Why the George Floyd Trial in Minneapolis is a Watershed Event
April 16, 2021
On March 29th, the trial of Derek Chauvin, the former Minneapolis Police Department officer charged with the murder of George Floyd had begun. This trial has come nearly a year after Floyd’s death which sparked a global outcry over police brutality and racial injustice. Floyd’s death sparked many protests and rallies throughout the United States but especially in Minneapolis, Minnesota. These protests and rallies happened immediately after the video of Floyd’s death went viral on all social media platforms, causing an uproar for justice.
The Minneapolis Police precinct where Chauvin worked was burned down only three days after the incident happened. This may cause you to wonder how Minneapolis is preparing for this high-profile trial and what uproar may be caused if George doesn’t receive justice?
Over spring break I went home to Minneapolis where I got to witness the barricades of the building that the George Floyd trials are currently happening in.
From the image above you can see a National Guard officer standing by himself on the deck of the building. While I walked around the entire building I noticed that the National Guard was surrounded all around the area and building. I am supposed to protect the privacy of the trial and stop any possible protesters in the area due to past rioters.
For the first time ever, cameras will be allowed in a Minnesota courtroom. Minnesota is a state that usually does not allow cameras in courtrooms, this trial was an exception. Minnesota Judge Kevin Burke said to Minneapolis’ KSTP eyewitness news, “I believe that cameras in the courtroom was why the American public understood the jury verdict and O.J. Simpson”, indicating that cameras can cause more transparency to the public within a trial. This week and for the next four weeks, the trial will be able to be watched live. Giving all of America a seat at the trial.
This trial is going to be one of the most important trials America has seen compared to other trials involving police officers involved in killings. Many factors play into the publicity of this trial like the BLM movement response, video surveillance of the incident, compelling witnesses, and more. George Floyd’s death was caught through witness video and also police body cameras with more evidence than similar cases such as Sandra Bland, Philandro Castile, Breonna Taylor, and many more.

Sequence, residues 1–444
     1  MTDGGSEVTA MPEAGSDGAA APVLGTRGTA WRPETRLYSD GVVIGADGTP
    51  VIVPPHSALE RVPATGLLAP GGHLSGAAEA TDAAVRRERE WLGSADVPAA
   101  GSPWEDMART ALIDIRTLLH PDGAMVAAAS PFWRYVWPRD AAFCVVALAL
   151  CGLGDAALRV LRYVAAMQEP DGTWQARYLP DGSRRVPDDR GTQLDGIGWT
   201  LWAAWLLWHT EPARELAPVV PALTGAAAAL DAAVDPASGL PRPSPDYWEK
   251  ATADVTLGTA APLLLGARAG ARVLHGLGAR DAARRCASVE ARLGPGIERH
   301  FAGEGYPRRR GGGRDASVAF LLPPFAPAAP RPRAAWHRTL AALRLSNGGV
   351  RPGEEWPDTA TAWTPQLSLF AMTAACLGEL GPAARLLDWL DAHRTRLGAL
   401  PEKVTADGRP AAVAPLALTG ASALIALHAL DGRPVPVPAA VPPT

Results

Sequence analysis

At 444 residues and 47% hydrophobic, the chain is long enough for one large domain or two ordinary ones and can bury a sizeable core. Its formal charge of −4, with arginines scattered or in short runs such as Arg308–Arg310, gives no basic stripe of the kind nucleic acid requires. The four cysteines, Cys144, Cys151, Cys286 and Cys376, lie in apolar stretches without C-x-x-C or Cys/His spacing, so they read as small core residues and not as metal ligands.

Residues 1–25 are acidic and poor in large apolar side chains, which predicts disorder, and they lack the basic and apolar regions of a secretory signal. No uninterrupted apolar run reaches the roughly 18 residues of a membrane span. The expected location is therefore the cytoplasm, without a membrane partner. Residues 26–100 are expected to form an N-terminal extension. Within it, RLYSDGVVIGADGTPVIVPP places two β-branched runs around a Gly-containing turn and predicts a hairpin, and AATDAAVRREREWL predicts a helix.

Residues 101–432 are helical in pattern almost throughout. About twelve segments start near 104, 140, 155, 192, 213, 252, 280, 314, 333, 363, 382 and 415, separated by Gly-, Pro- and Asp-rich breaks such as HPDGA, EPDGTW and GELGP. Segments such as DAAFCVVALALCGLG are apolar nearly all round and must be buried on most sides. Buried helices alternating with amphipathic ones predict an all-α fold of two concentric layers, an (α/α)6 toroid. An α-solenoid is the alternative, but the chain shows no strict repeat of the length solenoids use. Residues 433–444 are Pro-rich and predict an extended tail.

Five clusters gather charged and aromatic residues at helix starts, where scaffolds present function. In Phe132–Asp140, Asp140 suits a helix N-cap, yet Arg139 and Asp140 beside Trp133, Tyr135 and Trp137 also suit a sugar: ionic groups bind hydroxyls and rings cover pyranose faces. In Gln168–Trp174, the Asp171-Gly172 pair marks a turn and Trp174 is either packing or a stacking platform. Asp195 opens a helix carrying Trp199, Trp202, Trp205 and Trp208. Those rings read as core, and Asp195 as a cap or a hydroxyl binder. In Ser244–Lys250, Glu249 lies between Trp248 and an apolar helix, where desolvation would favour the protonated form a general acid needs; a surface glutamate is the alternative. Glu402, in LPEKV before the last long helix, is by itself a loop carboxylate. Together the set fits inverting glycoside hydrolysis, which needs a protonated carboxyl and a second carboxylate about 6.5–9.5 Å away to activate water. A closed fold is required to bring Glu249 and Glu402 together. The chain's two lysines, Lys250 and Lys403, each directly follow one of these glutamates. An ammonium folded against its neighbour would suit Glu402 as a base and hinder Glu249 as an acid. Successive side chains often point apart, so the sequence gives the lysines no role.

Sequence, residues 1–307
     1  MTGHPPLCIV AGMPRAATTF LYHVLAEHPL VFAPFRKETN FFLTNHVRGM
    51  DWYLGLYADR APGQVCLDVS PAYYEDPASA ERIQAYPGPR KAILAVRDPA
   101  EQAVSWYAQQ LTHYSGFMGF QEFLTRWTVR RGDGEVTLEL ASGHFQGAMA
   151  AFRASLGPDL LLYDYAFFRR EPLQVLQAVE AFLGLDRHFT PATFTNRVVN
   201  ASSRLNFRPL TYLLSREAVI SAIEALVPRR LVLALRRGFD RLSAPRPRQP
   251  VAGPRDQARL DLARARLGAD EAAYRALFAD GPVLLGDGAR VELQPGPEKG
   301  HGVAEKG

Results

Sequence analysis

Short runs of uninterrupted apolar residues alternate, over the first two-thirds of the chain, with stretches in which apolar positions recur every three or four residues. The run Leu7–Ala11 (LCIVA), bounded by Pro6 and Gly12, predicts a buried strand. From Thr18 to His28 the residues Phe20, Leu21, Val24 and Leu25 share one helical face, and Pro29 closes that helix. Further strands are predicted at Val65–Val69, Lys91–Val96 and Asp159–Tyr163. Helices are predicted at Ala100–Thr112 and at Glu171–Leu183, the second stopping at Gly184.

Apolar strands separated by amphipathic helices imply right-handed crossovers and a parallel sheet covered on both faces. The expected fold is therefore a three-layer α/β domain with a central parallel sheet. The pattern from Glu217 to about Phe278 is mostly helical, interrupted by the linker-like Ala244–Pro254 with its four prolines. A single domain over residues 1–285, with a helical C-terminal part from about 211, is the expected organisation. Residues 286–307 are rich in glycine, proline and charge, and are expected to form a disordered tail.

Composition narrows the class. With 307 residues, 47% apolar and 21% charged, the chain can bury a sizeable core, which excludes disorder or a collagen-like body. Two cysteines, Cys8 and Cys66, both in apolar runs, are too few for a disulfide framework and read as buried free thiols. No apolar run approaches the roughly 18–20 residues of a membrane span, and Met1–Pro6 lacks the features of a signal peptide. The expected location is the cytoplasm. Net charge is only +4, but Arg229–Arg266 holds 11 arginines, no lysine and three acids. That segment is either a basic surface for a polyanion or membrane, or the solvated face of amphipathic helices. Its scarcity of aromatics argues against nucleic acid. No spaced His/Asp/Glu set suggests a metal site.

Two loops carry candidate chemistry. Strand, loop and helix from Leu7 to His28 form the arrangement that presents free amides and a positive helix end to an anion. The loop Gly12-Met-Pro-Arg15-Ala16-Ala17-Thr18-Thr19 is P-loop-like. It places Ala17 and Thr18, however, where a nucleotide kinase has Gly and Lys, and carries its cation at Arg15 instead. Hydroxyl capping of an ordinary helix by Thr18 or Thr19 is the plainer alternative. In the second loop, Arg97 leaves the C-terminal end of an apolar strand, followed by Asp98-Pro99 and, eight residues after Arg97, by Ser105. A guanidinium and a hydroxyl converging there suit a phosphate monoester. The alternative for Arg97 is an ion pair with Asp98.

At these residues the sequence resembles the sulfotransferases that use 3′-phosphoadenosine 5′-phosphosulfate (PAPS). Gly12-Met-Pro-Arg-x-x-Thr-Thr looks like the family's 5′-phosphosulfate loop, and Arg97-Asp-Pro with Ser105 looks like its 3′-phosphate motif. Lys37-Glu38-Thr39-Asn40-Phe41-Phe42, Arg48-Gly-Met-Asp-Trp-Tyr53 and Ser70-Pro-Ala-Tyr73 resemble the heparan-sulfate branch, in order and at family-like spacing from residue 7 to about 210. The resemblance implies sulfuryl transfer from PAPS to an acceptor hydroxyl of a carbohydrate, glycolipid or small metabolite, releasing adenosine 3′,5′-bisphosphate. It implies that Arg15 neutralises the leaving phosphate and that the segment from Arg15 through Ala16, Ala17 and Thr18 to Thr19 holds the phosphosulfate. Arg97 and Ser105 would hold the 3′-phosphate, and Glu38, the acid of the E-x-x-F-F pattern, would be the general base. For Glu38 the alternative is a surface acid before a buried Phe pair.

The importance of the trial has been shown through the public’s uproar over George’s death. Many cities around the United States held protests in response to his death all throughout the summer and even into the present while the trial is in progress. Many Americans are angry, hurt and want justice to be served. This case will affect the way we will view our police departments in the United States.
The verdict of this case, whether found guilty or not guilty, will affect all of America, including our MMC community, and the way we view police departments. Although if Chauvin is found guilty, That verdict will not wipe out all wrongs and past injustices of police brutality, it will be a step forward. If Chauvin is found not guilty, that will strike another uproar in many cities around the United States. Minneapolis is already getting prepared for rioters as shown in previous photos. Many people are tired of being tired, we have seen too many cases too similar to Floyd’s not receiving adequate justice.
If you are interested in keeping up to date with what is happening in the trial, I would suggest tuning into the live streams or even checking out these sources listed below:
In front of our eyes podcast: MPR (Minnesota-based news) released a new podcast in March, which features journalists talking about their experiences with BLM and the trial. Also highlighting the community as well.
CNN live updates: CNN has also been providing live updates of the trail placed with clips of the trial.
Court TV podcast: This podcast is attending the trial and is stationed outside the trial building. Providing listeners with an understanding of the trial.